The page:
Project Censored The Movie! Ending the Reign of Junk Food News: We all know and joke about the farcical state of our news media. Since 1976, the very vital Sonoma State-based media watchdog group, Project Censored (PC), has sought to uncover the real agendas of corporate media by publishing an annual list of the top censored stories. Now there’s a thoughtful documentary, by former PC Sonoma State University student and Star editor Doug Hecker and longtime PC supporter Christopher Oscar, which features original interviews about PC and media censorship and PC’s longstanding efforts to expose important stories that are rarely—if ever—reported by corporate media. The 58 minute film captures luminaries Noam Chomsky, Howard Zinn, Michael Parenti, Greg Palast, Oliver Stone, Daniel Ellsberg, Peter Kuznick, Cynthia McKinney, Nora Barrows-Friedman, John Perkins, Jonah Raskin, and others. Several PC affiliated faculty and students also participate including Dr. Carl Jensen, PC’s former director and Professor Mickey Huff, its current director. (Screens:  Sunday, April 14, 3 p.m., Burlingame Hall)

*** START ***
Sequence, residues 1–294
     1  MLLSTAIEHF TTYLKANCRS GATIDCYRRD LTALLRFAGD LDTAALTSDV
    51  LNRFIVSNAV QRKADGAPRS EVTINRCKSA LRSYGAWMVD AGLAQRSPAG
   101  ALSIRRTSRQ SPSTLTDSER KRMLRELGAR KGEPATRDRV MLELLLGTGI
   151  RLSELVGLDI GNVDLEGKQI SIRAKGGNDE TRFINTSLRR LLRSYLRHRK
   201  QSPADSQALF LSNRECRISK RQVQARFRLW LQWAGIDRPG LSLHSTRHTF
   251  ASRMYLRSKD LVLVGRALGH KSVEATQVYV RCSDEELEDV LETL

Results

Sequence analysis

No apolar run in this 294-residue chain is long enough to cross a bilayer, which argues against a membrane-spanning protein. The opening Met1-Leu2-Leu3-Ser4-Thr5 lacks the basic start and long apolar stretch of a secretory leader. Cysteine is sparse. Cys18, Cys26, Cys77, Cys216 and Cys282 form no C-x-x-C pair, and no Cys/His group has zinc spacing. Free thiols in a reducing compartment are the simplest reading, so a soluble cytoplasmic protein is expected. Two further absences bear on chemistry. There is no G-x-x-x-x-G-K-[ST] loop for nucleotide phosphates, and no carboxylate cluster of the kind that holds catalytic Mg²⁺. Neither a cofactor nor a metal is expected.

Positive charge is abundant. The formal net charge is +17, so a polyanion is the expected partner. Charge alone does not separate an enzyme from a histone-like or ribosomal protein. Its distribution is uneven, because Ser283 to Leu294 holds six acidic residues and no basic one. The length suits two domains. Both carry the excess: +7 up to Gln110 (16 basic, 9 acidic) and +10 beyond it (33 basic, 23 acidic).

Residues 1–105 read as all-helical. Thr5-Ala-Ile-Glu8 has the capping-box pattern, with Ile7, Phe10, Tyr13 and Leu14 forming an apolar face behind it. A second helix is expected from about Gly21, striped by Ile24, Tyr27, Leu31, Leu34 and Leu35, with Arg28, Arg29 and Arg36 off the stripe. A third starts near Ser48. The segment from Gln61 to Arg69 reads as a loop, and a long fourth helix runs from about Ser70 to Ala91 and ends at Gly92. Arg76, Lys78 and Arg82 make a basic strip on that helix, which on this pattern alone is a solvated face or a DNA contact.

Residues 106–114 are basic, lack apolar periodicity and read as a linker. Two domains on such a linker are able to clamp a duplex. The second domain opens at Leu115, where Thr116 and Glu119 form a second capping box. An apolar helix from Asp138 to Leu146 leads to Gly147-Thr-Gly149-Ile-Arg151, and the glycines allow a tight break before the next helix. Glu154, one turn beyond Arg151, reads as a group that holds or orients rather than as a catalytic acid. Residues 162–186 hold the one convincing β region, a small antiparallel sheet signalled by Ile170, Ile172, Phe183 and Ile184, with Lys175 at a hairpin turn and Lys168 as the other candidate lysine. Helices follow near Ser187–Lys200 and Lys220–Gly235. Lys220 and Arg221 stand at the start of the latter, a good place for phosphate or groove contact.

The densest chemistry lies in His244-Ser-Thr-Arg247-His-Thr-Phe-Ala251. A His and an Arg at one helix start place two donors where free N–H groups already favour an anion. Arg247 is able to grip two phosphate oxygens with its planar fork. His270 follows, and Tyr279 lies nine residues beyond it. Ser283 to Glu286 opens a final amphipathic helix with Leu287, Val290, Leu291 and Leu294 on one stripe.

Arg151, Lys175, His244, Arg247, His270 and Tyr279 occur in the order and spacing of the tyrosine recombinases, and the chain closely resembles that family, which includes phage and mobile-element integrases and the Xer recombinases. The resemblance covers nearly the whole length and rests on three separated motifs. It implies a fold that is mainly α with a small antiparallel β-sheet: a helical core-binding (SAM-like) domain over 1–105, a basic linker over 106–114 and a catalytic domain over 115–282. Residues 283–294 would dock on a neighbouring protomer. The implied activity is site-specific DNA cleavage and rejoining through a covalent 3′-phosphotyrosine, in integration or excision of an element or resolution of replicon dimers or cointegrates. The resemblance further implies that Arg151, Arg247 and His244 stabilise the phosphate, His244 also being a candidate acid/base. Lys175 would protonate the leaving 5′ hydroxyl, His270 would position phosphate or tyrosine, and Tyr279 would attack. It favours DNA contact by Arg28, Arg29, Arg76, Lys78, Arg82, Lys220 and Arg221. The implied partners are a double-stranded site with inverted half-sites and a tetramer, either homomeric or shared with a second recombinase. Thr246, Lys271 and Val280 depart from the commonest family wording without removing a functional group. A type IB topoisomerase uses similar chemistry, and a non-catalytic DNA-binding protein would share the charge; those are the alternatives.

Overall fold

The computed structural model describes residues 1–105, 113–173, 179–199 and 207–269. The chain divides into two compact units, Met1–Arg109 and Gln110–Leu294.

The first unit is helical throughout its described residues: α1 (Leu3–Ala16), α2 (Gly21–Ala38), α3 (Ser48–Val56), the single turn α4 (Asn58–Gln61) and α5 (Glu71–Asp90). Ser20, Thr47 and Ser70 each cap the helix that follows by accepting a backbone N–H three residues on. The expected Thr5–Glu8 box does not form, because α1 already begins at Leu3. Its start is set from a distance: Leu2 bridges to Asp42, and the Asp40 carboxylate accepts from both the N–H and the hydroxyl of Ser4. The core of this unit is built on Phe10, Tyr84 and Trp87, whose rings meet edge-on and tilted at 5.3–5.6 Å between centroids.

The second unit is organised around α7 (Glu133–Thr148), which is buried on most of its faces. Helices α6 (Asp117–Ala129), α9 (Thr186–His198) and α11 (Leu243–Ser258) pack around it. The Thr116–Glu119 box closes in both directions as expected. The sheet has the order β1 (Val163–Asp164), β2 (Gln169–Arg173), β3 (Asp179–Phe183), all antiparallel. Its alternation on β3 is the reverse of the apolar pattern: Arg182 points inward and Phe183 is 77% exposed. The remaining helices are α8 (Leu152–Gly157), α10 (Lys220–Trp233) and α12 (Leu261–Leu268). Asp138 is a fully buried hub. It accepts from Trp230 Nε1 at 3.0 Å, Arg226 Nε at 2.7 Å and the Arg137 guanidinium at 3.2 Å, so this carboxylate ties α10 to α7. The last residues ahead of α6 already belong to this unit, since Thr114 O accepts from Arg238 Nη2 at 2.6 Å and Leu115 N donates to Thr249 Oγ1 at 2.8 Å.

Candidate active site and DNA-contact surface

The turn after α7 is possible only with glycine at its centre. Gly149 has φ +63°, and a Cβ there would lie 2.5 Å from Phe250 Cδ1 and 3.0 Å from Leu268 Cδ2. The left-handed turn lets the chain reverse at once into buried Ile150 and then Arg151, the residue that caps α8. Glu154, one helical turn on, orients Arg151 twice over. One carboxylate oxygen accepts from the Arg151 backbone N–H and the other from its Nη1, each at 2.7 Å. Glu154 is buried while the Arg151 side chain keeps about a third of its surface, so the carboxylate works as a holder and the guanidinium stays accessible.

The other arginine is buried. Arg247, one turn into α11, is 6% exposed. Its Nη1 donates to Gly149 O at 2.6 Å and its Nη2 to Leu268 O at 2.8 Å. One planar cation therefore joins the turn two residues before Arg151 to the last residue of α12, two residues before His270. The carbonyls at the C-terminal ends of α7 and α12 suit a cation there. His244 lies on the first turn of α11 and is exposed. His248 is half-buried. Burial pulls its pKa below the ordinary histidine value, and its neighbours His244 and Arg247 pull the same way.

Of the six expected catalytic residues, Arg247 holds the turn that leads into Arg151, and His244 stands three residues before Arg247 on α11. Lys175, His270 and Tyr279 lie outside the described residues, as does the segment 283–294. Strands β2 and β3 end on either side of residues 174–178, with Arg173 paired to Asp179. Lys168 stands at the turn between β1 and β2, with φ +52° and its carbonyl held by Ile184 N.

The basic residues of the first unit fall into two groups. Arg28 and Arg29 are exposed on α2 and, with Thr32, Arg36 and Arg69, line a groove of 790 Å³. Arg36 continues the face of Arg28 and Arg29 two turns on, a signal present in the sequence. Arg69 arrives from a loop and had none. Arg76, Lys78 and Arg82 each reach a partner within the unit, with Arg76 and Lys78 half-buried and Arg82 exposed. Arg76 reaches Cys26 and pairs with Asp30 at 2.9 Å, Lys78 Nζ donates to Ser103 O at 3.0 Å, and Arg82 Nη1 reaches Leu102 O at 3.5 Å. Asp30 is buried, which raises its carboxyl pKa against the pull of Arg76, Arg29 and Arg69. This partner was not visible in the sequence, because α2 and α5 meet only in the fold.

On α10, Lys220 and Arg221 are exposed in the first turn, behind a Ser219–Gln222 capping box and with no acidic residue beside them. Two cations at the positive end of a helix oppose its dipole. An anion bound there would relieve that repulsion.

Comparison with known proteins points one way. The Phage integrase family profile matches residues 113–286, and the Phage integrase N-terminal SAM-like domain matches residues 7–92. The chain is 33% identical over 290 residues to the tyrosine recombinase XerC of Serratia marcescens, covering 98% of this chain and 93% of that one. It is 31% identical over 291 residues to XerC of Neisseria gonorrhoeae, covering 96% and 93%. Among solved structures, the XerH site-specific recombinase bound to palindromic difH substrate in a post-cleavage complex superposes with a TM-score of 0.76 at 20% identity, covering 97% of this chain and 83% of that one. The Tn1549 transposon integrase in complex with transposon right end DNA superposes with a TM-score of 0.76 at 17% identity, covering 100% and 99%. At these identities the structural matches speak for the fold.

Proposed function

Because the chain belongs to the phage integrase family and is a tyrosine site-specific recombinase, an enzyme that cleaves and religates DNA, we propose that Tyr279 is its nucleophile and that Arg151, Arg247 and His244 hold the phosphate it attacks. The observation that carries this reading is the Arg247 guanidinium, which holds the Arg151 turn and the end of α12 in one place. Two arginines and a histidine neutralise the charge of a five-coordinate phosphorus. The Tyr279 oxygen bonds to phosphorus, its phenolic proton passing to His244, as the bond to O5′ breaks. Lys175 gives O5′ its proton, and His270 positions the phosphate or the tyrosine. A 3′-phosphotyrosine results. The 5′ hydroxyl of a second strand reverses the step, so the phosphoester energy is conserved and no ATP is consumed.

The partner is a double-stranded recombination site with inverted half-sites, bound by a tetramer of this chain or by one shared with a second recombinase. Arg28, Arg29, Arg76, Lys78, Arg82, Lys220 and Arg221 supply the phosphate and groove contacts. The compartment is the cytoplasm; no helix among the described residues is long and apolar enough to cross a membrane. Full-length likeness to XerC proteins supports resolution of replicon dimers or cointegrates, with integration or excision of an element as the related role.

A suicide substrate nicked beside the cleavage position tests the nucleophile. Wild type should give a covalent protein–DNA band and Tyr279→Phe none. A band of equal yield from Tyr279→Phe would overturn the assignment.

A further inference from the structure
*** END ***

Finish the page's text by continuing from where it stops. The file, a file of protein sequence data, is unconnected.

Determined to break the grip that junk food news has on the American people, two Sonoma County fathers, both with longstanding affiliations to Sonoma State University, uncover the Corporate media’s true agenda.  Project Censored The Movie! Ending the Reign of Junk Food News takes an in depth look at what is wrong with the news media in the US today and highlights the exceptional and important work of Sonoma State’s Project Censored (PC) and its commitment to media literacy education as an antidote to propaganda and censorship.